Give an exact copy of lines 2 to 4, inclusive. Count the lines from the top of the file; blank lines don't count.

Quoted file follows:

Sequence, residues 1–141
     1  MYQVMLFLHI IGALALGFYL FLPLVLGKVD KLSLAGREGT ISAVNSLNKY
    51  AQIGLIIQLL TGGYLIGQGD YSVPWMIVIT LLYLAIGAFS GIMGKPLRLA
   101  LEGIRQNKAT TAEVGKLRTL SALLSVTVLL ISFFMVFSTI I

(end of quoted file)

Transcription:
     1  MYQVMLFLHI IGALALGFYL FLPLVLGKVD KLSLAGREGT ISAVNSLNKY
    51  AQIGLIIQLL TGGYLIGQGD YSVPWMIVIT LLYLAIGAFS GIMGKPLRLA
   101  LEGIRQNKAT TAEVGKLRTL SALLSVTVLL ISFFMVFSTI I